Patient e-mail: A growing trend

October 24, 2003

New uses of Web communications with patients are emerging.

 

SPECIAL TECHNOLOGY SECTION
THE CONNECTED PHYSICIAN

Patient e-mail: A growing trend

New uses of Web communications with patients are emerging.

The range of options in physician-patient connectivity continues to grow. A few years ago, the connection focused on requesting refills and appointments online. Now, more doctors are starting to exchange e-mails with patients, and more health plans are beginning to pay for these communications. At the same time, new uses of Web-based connectivity are emerging, ranging from personal health records to disease management to mail-order refills.

To be sure, online communication between physicians and their patients has a long way to go. Keith MacDonald, a consultant for First Consulting Group in Boston, estimates that

only 10 to 12 percent of physicians e-mail with their patients today. Many other doctors are deterred by "their fear of the impact on productivity, and the fact they're going to have more work and not get paid for it." But studies have shown, he says, that patient e-mail doesn't overwhelm doctors if it's handled correctly, and that it can make physicians more productive by reducing unnecessary phone calls and visits.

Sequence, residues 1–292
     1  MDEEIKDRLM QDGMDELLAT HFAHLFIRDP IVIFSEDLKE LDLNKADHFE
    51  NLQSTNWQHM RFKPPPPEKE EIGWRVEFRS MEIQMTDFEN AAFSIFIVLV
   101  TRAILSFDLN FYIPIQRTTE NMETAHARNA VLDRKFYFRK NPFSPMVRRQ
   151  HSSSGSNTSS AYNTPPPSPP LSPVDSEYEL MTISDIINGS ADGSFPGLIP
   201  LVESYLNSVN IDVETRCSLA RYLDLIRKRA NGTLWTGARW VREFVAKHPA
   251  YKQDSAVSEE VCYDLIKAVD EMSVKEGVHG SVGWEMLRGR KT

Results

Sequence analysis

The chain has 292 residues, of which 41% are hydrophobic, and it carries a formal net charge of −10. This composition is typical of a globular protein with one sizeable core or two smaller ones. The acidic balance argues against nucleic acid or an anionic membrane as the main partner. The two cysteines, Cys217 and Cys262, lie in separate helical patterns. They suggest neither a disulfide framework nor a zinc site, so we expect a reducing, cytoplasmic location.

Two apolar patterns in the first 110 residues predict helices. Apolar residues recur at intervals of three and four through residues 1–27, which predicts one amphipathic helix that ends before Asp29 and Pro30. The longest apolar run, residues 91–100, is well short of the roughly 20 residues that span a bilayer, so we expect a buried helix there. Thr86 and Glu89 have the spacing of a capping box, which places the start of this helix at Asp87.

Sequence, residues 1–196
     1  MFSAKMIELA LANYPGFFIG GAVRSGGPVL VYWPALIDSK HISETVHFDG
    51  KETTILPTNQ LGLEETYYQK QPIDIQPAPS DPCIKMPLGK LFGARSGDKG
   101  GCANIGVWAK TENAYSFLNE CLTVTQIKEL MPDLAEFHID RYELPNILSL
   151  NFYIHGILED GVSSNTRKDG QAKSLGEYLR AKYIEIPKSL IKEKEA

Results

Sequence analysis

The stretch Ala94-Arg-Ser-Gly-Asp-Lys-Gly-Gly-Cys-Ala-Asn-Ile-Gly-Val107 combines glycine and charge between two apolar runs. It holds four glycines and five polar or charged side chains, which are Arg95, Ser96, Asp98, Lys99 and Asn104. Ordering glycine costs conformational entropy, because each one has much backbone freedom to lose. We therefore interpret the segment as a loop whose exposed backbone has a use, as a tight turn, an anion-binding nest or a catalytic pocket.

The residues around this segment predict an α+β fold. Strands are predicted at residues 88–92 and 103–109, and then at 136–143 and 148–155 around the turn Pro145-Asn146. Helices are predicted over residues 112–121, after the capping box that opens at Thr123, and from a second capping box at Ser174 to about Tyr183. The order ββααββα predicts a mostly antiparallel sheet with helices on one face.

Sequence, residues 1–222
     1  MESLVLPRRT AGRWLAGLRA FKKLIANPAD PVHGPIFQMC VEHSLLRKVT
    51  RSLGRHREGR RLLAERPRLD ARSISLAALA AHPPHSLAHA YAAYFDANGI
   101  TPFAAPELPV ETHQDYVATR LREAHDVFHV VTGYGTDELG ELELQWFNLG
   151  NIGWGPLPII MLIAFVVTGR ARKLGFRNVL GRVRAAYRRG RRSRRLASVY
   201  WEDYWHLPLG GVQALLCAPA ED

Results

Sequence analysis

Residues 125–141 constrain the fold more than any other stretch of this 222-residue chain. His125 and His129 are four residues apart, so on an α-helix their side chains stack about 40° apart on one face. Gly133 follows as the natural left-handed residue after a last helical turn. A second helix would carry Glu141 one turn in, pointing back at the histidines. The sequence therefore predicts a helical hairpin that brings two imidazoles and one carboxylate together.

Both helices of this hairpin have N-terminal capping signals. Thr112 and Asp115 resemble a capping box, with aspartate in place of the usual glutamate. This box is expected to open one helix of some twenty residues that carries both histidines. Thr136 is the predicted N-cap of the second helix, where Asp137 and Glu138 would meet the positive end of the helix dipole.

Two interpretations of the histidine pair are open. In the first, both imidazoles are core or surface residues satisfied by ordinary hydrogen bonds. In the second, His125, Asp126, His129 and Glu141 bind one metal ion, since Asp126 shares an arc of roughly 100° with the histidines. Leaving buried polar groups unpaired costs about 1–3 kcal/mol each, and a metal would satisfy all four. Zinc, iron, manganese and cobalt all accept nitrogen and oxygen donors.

MacDonald thinks more physicians will accept patient e-mail. One reason is the emergence of secure messaging services, including those of HealthyEMail, Medem, and RelayHealth. Also, guidelines from medical societies and liability insurance carriers have clarified how to conduct online communications without risking lawsuits, he notes. While only a handful of health plans are paying doctors for online visits, he says, some practices are charging their patients an annual fee for e-mail access to their physicians.

A growing number of EMR vendors are also active in physician-patient connectivity. WebMD's Medical Manager, for instance, recently acquired the Little Blue Book, which includes a portal called MDHub that permits online refill requests. NextGen's EMR is linked to a similar patient portal. Under NextGen's recent deal with RxHub—a co-venture of AdvancePCS, Express Scripts and Medco—a patient could request a refill online, her doctor could approve and document it in his EMR, and the drugs could be delivered to the patient's home within 24 hours.

Cerner, which makes inpatient and outpatient EMRs, is developing a patient portal as part of its community-wide connectivity experiment in Winona, MN. Two years into the project, most of the town's 50 doctors are just starting to implement their EMR systems. But 9 percent of area residents have already signed up for Winona Health Online, which allows them to communicate with their doctors, receive lab results, and maintain a personal health record on a secure Web site.

Since patients with chronic diseases are most interested in online communications with caregivers, Cerner is starting to focus on disease management. Diabetic patients who've enrolled in its first "condition center" enter insulin dosages in an online diary, and their home glucometers transmit blood-sugar readings over the Web to a diabetes educator. Cerner plans to launch similar online monitoring programs for people with asthma and congestive heart failure.

 

Patient e-mail: A growing trend. Medical Economics Oct. 24, 2003;80:TCP10.